American Hustle | 2013
Con man Irving Rosenfeld (Christian Bale) and his equally cunning partner Sydney Prosser (Amy Adams) find themselves having to work for enthusiastic but reckless FBI agent Richie DiMaso (Bradley Cooper) on an ambitious sting to counteract white-collar crime.
David O Russell freely riffs on the Abscam sting operation conducted by the FBI in the late Seventies, wisely choosing to concentrate on the quirky characters more than the historical facts.
Abscam (a contraction of ‘Arab scam’) hinged on the creation of a fictitious Middle Eastern businessman happy to splash around his oil millions. Complaints of racial insensitivity soon had the FBI claiming the name was short for ‘Abdul scam’, after their invented sheikh.
The film is set largely in ‘New York’ and ‘New Jersey’ but, apart from a little scene setting, was made in Massachusetts, much of it around the city of Worcester, about 40 miles west of Boston, where the flashback to Rosenfeld’s youth in ‘Brooklyn’ – giving the family’s glazing business a bit of a boost by smashing windows – was filmed on Millbury Street, just south of downtown.
20 miles to the east, between Natick and Framingham, you’ll find the branch of Rosenfeld’s dry cleaning chain in which he generously allows Sydney pick of the uncollected garments, which is (the entirely respectable) Reliable Cleaners, 214 West Central Street at Wellesley Avenue.
Reinventing herself as English aristo Lady Edith Greensly, Sydney joins Irving to form a formidable team under the guise of grand-sounding but bogus ‘London Associates’.
Giddy with success, the pair celebrate in the extravagant gilt and mirrored lobby of the Fairmont Copley Plaza Hotel, 138 St James Avenue in the heart of Boston itself. This is also the hotel in which Tom Cruise attended the law firm interview in Sydney Pollack’s 1993 John Grisham adaptation The Firm.
Success is short lived, as one of the marks they set up for their fake loan business turns out to be FBI agent DiMaso, who recruits the pair - and their expertise - to stage an elaborate deception.
Back in Worcester, in the Worcester Art Museum, 55 Salisbury Street, Irving reveals to DiMaso that the famed Rembrandt portrait of St Bartholomew is a fake, to make the point that “People believe what they want to believe”.
The museum is at pains to point out that the Rembrandt is the real deal, but the film seems to have opened up a can of worms with the painting’s provenance now being questioned in real life. Check it out and make up your own mind.
There’s a glimpse of the exterior of New York’s famed Hotel Chelsea, 222 West 23rd Street, between Seventh and Eighth Avenues, as the team meets up with Carl Elway with a plan to revitalise Atlantic City, which sucks in Mayor Carmine Polito (Jeremy Renner) – "the most quietly powerful person in the state of New Jersey".
Another famous New York hotel, the Plaza Hotel, Fifth Avenue at 59th Street, is the site of the first meeting with Polito, outside which Irving has a job on his hands convincing the Mayor that the deal is above board, after a clumsy attempt to compromise him with a case of cash.
Polito is seen meeting and greeting constituents on the streets of ‘Camden, NJ’, which is once again Millbury Street in Worcester.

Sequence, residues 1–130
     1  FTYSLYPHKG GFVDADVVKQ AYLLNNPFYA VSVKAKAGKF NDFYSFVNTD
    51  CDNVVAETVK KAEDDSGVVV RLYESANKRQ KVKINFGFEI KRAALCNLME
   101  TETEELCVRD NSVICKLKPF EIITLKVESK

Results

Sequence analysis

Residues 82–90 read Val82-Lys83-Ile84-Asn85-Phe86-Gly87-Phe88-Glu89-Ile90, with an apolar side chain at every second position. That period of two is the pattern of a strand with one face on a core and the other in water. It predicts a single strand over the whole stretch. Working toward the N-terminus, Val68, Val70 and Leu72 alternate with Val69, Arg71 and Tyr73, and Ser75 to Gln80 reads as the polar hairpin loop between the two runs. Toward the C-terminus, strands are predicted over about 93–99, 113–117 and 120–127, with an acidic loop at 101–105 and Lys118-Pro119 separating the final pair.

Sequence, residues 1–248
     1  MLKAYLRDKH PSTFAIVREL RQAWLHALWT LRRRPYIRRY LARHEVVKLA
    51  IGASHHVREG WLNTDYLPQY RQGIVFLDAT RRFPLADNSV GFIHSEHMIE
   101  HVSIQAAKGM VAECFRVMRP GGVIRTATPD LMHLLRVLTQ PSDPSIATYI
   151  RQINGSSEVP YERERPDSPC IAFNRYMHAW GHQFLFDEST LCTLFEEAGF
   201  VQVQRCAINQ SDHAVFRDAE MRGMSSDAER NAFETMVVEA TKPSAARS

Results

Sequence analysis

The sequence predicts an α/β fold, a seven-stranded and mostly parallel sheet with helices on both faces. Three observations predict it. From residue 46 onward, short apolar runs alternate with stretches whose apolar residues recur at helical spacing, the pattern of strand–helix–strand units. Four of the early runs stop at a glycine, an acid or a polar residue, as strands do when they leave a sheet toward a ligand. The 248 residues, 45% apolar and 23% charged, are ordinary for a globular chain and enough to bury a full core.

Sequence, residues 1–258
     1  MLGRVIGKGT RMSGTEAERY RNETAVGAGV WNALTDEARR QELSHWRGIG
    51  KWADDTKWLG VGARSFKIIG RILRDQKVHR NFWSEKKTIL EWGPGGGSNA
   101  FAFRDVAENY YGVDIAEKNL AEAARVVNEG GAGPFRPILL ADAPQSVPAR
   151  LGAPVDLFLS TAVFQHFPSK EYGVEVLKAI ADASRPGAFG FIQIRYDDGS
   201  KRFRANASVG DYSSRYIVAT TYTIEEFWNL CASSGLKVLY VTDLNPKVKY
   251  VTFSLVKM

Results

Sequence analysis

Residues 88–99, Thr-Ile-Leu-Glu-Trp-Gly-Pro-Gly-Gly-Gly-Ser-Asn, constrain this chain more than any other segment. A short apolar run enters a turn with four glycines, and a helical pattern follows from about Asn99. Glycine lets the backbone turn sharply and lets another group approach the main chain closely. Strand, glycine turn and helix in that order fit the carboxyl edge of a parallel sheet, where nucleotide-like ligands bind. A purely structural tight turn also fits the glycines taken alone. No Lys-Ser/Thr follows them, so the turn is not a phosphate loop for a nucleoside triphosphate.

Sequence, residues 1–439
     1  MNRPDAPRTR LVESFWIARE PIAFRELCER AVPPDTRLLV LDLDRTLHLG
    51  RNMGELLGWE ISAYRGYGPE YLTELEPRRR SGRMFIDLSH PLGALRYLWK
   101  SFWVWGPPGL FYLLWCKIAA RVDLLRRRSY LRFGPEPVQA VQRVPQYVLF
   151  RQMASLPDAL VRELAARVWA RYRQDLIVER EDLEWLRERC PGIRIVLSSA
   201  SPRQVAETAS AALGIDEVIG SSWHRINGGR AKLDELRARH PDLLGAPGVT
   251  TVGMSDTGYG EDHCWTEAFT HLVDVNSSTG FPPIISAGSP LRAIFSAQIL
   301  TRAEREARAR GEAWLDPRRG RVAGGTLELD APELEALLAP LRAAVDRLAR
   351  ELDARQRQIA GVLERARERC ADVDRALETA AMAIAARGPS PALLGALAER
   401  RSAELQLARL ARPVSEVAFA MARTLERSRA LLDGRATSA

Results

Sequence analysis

Polito calls for support from the unions inside the Worcester Memorial Auditorium on Lincoln Square. The mural, painted “during the depression”, is a real landmark, the work of artist Leon Kroll in the 1930s and, at the time, the largest of its kind in the United States. Sadly, the disused building is currently closed to the public.
Irving assures Polito that no middlemen are involved, while their respective partners discuss nail varnish, over a meal at classy Italian restaurant ‘Baron’s’. Don’t go Googling the name – this is really Nick’s Bar and Grill, 124 Millbury Street in – yes – Worcester.
Meanwhile DiMaso and Lady Edith head off to an evening at the legendary ‘Studio 54’, along Worcester’s Mechanic Street, between Main and Commercial Streets.
In the morning, Rosenfeld and Polito have a hazy breakfast at Christie's Restaurant, 17 Lynnway, Lynn on Nahant Bay north of Boston, where the generous Mayor presents Rosenfeld with a state-of-the-art ‘science oven’. That’s a microwave to us sophisticates of the 21st Century.
The exterior of the big bash at which Polito introduces Rosenfeld to a clutch of shady and intimidating businessmen is Worcester’s Union Station, 2 Washington Square.
Although the station does house a beautifully restored Grand Hall, the lavish interior, where the plan comes dangerously close to derailing, is the lobby of the Wang Theatre, 270 Tremont Street, in Boston’s theatre district.
Now listed on the National Register of Historic Places, the theatre opened in 1925, developing from a movie palace and home to vaudeville to become an impressive venue for live theatre and music, undergoing extensive restoration in 1983.
Rosalyn has a date with Pete (Jack Huston), one of the mob guys, at Anthony's Pier 4 Cafe/Hawthorne by the Sea Tavern, 153 Humphrey Street in Swampscott, on the Bay just east of Lynn. It’s here she lets slip that something fishy is going on and, once again, the team has to rely on some hurried improvisation.
Once all the machinations and multiple crosses are worked out, it’s Sydney who inevitably takes up with Irving, collecting his son Danny from Clapp School, Arlington Road at Hudson Street, on Horn Pond in Woburn, about ten miles northwest of Boston.